CIA Rejects Request By Cheney to Declassify Two Interrogation Documents
Posted May 14, 2009 3:19 PM CDT
By Martha Neil
Citing pending litigation under the Freedom of Information Act, the CIA has declined a request by Richard Cheney to declassify two documents that the former vice president contends would show that controversial interrogation methods used by the CIA after the Sept. 11, 2001 terrorist attacks did elicit useful information.
Critics argue that waterboarding and other harsh interrogation techniques are not only unlawful but are also unlikely to obtain reliable information. Meanwhile, the current director of national intelligence in the Obama administration, Dennis Blair, says such interrogations produced valuable leads but in the end were more harmful than helpful, reports the Washington Post in an article about the CIA's documents denial in a letter today.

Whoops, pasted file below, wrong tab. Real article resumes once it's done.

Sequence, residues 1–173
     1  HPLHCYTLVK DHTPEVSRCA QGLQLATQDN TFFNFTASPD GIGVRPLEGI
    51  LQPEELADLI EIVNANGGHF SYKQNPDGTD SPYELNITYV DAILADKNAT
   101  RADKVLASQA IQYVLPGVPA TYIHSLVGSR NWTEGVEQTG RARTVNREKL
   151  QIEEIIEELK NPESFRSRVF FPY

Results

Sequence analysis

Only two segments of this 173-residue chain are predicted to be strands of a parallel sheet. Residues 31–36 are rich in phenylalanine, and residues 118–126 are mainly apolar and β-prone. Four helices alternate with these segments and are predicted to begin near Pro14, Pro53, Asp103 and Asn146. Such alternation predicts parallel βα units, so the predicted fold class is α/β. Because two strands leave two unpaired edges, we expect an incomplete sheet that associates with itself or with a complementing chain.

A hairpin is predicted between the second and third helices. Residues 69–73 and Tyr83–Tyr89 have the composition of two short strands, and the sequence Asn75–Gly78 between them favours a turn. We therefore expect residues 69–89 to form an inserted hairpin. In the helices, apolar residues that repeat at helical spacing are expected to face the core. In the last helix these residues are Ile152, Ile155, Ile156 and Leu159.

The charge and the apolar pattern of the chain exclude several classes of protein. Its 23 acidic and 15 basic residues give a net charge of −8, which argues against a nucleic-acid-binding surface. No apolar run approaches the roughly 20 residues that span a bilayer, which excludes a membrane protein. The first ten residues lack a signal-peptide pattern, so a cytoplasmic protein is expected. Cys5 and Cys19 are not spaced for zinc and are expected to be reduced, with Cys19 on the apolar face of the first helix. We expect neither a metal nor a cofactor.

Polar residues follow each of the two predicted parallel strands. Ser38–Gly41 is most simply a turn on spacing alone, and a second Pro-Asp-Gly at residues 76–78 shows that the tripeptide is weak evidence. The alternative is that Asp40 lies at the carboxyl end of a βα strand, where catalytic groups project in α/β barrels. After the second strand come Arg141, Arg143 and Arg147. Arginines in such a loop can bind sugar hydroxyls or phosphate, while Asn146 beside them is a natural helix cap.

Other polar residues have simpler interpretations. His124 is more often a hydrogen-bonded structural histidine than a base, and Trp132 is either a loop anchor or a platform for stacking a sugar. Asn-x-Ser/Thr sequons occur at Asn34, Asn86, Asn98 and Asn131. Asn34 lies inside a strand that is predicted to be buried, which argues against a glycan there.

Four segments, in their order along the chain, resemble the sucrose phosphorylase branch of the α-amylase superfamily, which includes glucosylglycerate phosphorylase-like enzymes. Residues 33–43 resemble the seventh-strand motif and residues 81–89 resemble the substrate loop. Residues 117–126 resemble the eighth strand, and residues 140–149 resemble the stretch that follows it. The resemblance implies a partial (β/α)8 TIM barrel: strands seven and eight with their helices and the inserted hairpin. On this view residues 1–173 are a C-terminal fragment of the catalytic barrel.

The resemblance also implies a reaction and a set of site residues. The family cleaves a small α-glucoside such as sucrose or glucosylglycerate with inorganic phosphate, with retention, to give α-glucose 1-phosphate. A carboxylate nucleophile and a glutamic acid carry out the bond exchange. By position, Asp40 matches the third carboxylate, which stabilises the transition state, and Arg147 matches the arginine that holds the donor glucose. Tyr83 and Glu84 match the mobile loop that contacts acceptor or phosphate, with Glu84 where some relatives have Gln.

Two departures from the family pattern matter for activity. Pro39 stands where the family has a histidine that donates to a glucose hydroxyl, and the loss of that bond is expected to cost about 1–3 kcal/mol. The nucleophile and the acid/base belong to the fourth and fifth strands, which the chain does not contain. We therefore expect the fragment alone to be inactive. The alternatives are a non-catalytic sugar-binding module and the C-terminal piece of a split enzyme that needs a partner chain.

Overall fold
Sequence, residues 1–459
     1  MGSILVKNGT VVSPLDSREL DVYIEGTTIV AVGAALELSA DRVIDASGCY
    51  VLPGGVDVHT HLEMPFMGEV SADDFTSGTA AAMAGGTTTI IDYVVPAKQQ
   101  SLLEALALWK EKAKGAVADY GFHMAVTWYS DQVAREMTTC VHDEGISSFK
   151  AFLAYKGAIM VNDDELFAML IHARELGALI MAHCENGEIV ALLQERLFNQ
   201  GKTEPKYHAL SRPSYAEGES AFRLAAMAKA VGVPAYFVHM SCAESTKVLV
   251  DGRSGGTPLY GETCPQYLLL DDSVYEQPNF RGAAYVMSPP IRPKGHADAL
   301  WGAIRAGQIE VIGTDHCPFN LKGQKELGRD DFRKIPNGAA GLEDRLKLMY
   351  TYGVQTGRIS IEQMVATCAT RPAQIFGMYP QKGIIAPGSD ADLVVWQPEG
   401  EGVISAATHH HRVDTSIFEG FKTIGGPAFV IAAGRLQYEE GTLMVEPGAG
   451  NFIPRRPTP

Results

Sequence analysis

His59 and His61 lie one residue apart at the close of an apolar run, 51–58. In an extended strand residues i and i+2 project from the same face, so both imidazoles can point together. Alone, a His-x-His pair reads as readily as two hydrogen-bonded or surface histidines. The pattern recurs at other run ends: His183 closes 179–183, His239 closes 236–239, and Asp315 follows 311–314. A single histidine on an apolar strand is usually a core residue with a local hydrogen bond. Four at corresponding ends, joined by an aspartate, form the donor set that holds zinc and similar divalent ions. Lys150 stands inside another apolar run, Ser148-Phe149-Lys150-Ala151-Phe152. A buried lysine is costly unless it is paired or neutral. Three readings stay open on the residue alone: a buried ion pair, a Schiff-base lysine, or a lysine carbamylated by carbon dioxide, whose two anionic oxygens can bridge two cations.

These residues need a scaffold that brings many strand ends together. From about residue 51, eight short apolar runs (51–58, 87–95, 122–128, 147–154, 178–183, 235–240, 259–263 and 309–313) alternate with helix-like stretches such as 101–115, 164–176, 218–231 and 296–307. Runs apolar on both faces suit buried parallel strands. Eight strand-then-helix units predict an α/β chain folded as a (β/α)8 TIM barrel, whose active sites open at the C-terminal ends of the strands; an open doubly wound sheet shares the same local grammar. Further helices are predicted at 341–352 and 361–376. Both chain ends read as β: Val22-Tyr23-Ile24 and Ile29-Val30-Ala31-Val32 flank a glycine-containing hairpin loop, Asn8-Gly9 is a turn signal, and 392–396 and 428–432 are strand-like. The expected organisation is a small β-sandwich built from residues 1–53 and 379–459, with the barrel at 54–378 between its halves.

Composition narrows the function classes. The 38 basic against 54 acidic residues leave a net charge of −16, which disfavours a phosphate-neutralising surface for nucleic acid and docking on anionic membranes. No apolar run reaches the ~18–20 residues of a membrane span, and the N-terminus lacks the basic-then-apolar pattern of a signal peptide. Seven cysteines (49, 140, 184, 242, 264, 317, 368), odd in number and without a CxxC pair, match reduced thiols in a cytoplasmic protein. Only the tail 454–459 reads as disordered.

"A document is excluded from mandatory declassification review if that document contains information that is the subject of litigation," the CIA letter states. It was sent to the National Archives and Records Administration, to which Cheney made a formal request on March 31 that the documents be released.